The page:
If it looks like a duck, waddles like a duck, quacks like a duck, and swims like a duck– it’s probably a duck! This is an example of abductive reasoning which is a form of logical inference which starts with an observation or set of observations then seeks to draw the simplest and most likely conclusion Yes, but what’s the relevance to health reform?
Those working in PHNs are often challenged to commission health services in the absence of complete information. Time pressures, incomplete datasets and conflicting analyses means that we find ourselves making educated guesses about what the best way forward might be. We look to apply common sense in the hope that what we do will satisfy even if we can’t be sure that it is optimal. In the first instance it needs to ‘look right’ if we want to get buy-in from key stakeholders. In other words it needs to pass the ‘duck test’ with enough people believing that the change will actually ‘fly’!
Nobel laureate Herbert A. Simon’s research into problem solving showed that we operate within what he calls bounded rationality– with the rationality of decisions influenced by the tractability of the problem, the cognitive limitations of the decision-makers, and the time available to make the decision. He also coined the term ‘satisficing’, which denotes the situation where people seek solutions or accept choices or judgments that are ‘good enough’ for their purposes, while acknowledging that they are not perfect and can most likely be improved.
PHNs work in a real world with real-life constraints and as such we need tools to help us make ‘satisficing’ solutions to maintain forward change momentum while learning as we go.
This article in a nutshell:
This article looks at some of the approaches that Health Service Commissioners employ to sustain progress in spite of the absence of certainty in decision-making processes. It looks at approaches such as:
- Ockham’s razor, and;
- Abductive Reasoning (also known as the ‘Duck Test’)
The article considers what application these approaches may have in the design and implementation of reforms such as new models of patient care including Health Care Homes.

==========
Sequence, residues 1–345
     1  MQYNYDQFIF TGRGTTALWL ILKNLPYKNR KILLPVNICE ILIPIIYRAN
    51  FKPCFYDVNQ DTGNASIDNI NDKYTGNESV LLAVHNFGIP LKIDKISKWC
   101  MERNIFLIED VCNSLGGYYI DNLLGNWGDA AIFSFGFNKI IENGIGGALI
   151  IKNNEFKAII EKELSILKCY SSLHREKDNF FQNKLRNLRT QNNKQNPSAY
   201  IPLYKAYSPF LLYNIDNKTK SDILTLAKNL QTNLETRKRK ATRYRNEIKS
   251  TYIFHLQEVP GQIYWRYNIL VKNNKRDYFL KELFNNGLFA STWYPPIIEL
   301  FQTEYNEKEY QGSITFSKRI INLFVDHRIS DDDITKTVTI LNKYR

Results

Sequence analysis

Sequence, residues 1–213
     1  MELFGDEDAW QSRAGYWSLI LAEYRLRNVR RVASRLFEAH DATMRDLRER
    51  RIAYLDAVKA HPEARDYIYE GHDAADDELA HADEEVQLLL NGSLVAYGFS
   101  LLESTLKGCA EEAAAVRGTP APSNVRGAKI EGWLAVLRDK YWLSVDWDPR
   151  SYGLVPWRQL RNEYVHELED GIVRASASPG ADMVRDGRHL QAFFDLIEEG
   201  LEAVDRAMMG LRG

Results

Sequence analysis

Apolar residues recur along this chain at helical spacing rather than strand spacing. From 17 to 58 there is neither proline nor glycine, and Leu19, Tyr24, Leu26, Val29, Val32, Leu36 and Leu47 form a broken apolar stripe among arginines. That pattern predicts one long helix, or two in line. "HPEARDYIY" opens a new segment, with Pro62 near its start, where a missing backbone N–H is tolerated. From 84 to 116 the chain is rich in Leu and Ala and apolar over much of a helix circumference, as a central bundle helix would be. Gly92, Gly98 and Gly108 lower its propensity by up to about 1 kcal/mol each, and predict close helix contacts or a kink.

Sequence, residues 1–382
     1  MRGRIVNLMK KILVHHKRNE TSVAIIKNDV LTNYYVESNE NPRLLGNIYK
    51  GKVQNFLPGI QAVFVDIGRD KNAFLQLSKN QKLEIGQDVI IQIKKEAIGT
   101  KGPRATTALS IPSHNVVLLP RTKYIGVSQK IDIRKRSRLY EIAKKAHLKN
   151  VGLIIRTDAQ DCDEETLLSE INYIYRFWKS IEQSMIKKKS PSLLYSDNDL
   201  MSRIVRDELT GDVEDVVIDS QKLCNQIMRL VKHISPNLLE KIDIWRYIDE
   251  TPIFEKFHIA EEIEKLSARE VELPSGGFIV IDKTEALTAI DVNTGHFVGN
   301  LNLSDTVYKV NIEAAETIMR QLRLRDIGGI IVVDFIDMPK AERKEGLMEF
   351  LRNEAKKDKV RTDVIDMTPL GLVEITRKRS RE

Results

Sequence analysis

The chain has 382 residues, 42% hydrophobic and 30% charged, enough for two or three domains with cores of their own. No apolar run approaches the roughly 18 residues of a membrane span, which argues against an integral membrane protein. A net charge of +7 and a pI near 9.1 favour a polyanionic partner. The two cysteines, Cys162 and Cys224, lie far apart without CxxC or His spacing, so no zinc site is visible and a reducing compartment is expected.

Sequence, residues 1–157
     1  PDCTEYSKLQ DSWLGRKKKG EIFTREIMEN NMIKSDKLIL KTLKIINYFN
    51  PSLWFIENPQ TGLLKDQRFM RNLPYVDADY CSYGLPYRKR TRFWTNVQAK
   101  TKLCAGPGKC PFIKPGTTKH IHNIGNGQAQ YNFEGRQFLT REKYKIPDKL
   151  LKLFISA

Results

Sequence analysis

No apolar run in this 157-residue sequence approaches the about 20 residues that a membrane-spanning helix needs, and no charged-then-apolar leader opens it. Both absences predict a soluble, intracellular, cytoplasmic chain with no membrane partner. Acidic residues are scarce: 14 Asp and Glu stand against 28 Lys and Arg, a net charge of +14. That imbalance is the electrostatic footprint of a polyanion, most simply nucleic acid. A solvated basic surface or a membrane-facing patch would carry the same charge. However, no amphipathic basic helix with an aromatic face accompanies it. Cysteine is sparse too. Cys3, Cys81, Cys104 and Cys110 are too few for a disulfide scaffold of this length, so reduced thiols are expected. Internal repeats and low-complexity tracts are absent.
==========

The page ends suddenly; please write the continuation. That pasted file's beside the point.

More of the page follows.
About heuristics – applying ‘the rule of thumb’!
Heuristics are simple, efficient rules, learned by experience, that have been proposed to explain how people make decisions, come to judgments, and solve problems typically when facing complex problems or incomplete information. When you hear people refer to things like the ‘rule of thumb’ or applying ‘common sense’ these are heuristic constructs.
To illustrate, General Practice fee-for-service MBS, that sees GPs best rewarded financially for seven minute consultations, is not going to be good for patients with complex multi-morbid chronic conditions. Our ‘common sense’ tells us that this will result in insufficient time for a GP to examine the patient, fully appreciate their complex clinical status and respond appropriately. As such we know that a different payment mechanism is needed for disease-difficult patients although we might not know what this should look like. Heuristics can therefore be useful for indicating the need for and the direction of change but not necessarily the specifics.
Ockham’s razor – and the cut-through on health reform
Ockham’s razor, also known as the ‘law of parsimony’ is the problem-solving principle that, when presented with competing hypothetical answers to a problem, one should select the answer that makes the fewest assumptions. The idea is attributed to William of Ockham (c. 1287–1347), who was an English friar, scholastic philosopher, and theologian.
So what would William of Ockham make of the hypothetical question as to whether the Australian healthcare system of the 21st century will survive in its current form? One needs to make very few assumptions to conclude that it is unsustainable given its spiralling costs and growing misalignment with the changing needs of the Australian community. Conversely, to conclude that our current health system is in fact sustainable we would need to make a lot of assumptions.